Based upon the trial court's findings of fact here, the primary issues supporting its conclusions of law were: the schools, doctors, and extracurricular activities the children attended; the disparate work schedules of the parties; and the relative support groups of family and friends each party had in their respective county. The trial court made thirty findings of fact, which touched on all of these issues, but resolved none of them. These findings are not self-executing.
The trial court found Plaintiff “unilaterally ․ withdrew the minor children from their schools and enrolled them elsewhere in Lincoln County, North Carolina, in January, 2019.” The court also found “it is evident that they are performing exceptionally well until January, 2019” in their former schools. Yet the court did not make any finding of fact regarding the effects of either the withdrawal or new enrollment had on the children's education or well-being. Without adjudication and resolution of the findings of fact, “it cannot be determined on appeal whether the trial court correctly exercised its function.” Id. at 279, 737 S.E.2d at 790 (quoting Coble, 300 N.C. at 714, 268 S.E.2d at 190).
The trial court found that Plaintiff “only works sixteen (16) hours per week” while Defendant “works every third day a twenty-four hour shift.” Whether these findings are positive or negative for either party, we cannot say from just this recitation. See id. at 278, 737 S.E.2d at 789-90 (“Finding 72 states that ‘[the child] has returned from visitation with his father with muddy shoes and dirty clothes.’ We are unable to discern if this is a positive finding, as it may indicate [father] has been engaging in healthy outdoor activities with his son, or negative, as it may indicate [father] has failed to properly address the child's hygiene issues. Perhaps it is both.”).
Here, the court may be indicating Plaintiff's lesser hourly work schedule is concerning compared to Defendant's as far as supporting the children financially, but it equally could indicate Defendant's regular day-length shifts are concerning compared to Plaintiff's greater availability to be present with the children. “Perhaps it is both.” Id.
The custody order in this case merely recognizes the existence of disputes and identifies some evidence from both parties that may bear upon those disputes without resolving them. As in Carpenter, the findings of fact do not explain why it is in the best interests of the children for Defendant to be granted primary physical custody. See id. This lack of resolution mandates remand for additional findings of fact.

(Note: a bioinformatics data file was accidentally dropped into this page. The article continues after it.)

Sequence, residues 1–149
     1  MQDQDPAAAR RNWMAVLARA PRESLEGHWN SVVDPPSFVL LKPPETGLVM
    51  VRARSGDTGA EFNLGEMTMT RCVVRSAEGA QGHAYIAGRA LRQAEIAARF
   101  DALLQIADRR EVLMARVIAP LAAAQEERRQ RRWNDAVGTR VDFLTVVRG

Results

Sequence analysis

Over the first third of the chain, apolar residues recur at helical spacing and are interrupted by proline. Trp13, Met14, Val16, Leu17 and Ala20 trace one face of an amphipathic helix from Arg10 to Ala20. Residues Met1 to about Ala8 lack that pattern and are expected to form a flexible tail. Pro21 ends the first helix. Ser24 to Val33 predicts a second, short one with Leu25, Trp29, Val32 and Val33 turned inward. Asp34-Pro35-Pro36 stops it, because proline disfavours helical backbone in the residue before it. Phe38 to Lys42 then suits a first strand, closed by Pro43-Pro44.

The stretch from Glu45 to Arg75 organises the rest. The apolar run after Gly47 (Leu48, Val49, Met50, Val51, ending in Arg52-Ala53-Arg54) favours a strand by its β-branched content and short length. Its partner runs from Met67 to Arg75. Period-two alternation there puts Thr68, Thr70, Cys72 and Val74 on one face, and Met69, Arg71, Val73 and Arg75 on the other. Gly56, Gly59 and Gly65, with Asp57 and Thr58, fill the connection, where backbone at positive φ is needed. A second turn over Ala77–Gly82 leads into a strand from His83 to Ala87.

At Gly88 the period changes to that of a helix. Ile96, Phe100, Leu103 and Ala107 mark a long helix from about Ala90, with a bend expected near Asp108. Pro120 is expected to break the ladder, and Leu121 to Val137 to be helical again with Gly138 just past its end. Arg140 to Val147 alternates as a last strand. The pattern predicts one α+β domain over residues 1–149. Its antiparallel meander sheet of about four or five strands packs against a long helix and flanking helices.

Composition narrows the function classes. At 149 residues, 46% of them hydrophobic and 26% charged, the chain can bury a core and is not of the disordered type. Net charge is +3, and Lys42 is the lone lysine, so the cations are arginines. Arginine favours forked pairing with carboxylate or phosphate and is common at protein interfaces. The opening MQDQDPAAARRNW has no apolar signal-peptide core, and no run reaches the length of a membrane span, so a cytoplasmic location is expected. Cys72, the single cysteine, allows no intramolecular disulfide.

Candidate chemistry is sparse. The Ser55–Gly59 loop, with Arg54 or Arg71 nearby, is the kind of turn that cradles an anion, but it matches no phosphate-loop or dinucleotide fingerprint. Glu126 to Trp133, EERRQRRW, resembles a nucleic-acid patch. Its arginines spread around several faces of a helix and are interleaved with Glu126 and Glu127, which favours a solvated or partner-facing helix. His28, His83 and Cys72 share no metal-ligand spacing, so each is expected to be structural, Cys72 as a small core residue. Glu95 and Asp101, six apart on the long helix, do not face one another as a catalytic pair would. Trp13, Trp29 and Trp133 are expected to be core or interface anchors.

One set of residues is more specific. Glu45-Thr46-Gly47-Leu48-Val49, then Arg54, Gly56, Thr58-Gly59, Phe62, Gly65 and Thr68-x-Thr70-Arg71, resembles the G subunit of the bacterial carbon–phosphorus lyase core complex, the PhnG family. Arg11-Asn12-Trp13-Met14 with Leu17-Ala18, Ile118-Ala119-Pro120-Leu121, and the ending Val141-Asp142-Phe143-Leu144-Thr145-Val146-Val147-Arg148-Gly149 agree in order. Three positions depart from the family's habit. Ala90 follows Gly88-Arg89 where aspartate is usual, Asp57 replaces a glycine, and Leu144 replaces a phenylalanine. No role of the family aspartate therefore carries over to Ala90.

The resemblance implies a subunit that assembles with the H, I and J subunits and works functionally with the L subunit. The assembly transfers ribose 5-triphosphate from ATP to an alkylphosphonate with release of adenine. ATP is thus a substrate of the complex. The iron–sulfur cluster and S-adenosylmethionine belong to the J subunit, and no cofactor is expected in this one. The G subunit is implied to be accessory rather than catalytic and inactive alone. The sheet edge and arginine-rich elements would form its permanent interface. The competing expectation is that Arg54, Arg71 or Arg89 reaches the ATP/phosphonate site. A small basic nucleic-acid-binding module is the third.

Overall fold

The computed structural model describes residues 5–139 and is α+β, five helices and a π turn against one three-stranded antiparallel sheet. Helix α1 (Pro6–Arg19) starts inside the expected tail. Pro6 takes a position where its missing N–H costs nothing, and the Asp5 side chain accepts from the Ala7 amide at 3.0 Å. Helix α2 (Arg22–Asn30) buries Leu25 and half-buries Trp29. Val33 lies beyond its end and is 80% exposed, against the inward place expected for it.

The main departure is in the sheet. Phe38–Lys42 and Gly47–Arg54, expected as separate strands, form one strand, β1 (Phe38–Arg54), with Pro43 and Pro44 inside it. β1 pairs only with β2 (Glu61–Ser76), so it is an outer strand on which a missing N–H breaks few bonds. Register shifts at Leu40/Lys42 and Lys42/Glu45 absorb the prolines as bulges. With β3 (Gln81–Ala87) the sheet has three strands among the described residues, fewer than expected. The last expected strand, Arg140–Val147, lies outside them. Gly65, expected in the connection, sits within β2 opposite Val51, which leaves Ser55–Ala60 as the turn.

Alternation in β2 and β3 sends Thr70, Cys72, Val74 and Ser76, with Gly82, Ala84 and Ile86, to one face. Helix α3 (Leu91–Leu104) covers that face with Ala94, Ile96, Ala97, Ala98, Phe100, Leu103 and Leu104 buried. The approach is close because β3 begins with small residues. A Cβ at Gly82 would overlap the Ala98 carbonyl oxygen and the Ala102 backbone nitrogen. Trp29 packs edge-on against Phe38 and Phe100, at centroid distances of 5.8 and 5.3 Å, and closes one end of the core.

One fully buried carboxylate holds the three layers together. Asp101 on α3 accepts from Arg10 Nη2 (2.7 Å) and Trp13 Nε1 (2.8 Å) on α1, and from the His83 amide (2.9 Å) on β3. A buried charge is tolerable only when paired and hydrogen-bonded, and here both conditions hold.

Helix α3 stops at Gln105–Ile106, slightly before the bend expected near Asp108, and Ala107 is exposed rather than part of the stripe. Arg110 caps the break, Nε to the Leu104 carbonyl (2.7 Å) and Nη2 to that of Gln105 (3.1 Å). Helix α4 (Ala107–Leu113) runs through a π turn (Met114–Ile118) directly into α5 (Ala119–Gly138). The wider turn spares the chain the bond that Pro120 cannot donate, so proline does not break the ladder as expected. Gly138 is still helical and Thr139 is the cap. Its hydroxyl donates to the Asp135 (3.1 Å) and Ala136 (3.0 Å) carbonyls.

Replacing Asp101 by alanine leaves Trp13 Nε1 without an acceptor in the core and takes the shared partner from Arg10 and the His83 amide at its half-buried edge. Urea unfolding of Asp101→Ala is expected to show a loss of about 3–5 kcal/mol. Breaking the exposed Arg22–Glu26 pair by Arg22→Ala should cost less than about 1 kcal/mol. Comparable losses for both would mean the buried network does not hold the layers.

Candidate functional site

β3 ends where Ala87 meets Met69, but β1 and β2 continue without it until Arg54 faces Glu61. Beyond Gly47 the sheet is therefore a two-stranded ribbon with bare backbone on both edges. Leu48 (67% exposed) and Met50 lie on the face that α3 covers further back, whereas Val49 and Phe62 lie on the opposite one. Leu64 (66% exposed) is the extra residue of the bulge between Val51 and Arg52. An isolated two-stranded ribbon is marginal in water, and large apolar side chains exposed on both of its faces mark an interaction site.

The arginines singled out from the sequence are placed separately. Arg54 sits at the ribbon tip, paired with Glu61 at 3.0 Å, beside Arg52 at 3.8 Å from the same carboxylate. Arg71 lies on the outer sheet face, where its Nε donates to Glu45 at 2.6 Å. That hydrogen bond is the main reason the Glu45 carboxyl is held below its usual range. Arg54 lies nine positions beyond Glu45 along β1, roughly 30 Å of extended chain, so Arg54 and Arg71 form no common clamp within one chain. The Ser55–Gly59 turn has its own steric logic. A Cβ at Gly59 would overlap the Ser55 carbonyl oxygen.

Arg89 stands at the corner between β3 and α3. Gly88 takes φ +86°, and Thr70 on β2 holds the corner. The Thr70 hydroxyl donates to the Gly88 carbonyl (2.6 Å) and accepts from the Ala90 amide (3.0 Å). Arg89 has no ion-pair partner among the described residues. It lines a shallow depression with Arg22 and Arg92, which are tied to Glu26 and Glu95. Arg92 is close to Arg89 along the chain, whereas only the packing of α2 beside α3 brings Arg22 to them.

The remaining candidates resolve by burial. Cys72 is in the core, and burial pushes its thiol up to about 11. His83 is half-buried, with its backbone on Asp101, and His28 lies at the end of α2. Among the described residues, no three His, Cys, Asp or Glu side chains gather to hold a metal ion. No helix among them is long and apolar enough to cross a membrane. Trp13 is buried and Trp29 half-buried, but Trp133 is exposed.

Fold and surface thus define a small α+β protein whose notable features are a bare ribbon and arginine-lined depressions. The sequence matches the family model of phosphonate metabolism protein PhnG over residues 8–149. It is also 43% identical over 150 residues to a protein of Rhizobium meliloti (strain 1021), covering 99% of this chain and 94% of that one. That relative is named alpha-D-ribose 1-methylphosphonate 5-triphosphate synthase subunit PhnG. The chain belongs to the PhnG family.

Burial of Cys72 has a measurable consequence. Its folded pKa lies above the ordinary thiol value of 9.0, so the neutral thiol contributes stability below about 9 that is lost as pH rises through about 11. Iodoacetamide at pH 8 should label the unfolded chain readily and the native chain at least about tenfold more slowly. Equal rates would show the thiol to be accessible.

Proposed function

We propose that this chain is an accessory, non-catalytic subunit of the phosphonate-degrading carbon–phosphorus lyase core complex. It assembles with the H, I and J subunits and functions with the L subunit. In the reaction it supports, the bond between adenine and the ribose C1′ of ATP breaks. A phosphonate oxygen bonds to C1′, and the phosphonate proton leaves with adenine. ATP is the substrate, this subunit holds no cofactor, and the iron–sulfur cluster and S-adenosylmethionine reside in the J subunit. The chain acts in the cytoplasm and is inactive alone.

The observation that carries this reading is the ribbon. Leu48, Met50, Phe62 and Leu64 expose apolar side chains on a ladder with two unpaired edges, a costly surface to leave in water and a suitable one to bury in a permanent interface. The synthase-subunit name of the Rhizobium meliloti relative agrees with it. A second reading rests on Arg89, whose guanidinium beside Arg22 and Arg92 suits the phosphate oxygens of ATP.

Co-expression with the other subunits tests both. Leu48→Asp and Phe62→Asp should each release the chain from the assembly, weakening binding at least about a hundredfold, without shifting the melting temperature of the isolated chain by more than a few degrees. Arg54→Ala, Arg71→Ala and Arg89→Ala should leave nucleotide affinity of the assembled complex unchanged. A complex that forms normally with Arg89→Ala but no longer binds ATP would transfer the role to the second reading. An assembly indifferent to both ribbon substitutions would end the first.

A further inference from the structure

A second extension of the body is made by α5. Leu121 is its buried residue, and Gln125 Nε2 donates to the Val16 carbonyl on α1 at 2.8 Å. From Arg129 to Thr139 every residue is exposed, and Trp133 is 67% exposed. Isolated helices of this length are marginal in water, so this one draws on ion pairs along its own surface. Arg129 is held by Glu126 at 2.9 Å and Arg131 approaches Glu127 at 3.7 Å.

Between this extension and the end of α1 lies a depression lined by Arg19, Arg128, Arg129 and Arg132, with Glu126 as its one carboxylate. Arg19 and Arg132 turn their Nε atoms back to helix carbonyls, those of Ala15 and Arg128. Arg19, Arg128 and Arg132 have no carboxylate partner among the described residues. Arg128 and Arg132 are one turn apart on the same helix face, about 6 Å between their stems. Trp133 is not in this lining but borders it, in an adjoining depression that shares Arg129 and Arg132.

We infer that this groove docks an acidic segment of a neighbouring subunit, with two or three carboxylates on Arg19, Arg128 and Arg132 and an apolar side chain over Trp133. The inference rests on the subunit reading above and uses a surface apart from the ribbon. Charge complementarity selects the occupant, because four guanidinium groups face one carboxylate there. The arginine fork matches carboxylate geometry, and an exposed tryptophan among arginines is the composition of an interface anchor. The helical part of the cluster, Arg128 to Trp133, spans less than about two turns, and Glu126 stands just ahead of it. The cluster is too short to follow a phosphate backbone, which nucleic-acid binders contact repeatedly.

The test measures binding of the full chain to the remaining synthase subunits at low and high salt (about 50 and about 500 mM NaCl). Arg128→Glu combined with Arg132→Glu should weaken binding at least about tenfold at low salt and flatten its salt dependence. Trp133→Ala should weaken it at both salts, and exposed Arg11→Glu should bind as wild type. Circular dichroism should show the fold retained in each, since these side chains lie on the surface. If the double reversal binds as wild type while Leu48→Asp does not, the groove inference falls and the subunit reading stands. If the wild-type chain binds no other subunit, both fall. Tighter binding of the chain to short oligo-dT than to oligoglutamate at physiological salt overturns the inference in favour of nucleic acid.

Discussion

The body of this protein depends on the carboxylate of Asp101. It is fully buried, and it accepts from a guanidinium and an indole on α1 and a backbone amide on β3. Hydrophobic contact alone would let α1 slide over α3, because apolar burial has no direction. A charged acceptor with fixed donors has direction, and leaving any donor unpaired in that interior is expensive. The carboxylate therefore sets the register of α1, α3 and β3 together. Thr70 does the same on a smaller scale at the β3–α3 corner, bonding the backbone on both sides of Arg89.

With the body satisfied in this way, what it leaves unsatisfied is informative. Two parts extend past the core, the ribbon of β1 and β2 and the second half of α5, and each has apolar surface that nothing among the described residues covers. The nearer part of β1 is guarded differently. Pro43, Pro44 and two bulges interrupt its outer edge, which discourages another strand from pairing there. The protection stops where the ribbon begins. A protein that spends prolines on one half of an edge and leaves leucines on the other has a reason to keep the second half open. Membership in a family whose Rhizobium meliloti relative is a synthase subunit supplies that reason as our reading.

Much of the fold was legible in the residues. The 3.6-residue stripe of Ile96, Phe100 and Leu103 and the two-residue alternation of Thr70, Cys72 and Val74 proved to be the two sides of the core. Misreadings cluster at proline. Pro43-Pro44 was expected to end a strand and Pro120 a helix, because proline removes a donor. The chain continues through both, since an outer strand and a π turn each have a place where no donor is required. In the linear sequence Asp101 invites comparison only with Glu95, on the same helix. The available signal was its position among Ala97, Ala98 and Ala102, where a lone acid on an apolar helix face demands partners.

Because we remand on this issue, we need not reach Plaintiff's remaining arguments. However, the decree does not resolve all of the disputed legal issues. Notably, Plaintiff asserts the decree does not resolve which school system the children should attend, or how to resolve that issue, “despite that issue being a, if not the, primary concern discussed at trial.”
By asserting inconsistent legal positions on the issue of whether a substantial change of circumstances affecting the welfare of the minor children had occurred before the trial court and this Court, Plaintiff waived that argument on appeal. That portion of the trial court's order is affirmed.
The trial court's conclusion for Defendant to be granted primary physical custody and Plaintiff to be granted secondary physical custody is remanded for adjudication and resolution of the evidence and for entry of findings of fact showing why the award in the custody order was in the children's best interests.
The trial court shall adjudicate and resolve conflicts in the evidence and make additional findings of fact to support the conclusions and legal issues in its decree. Whether to take additional evidence upon remand rests within the trial court's discretion. It is so ordered.
AFFIRMED IN PART AND REMANDED IN PART.
Judges BRYANT and BROOK concur.
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Docket No: No. COA19-439
Decided: November 05, 2019
Court: Court of Appeals of North Carolina.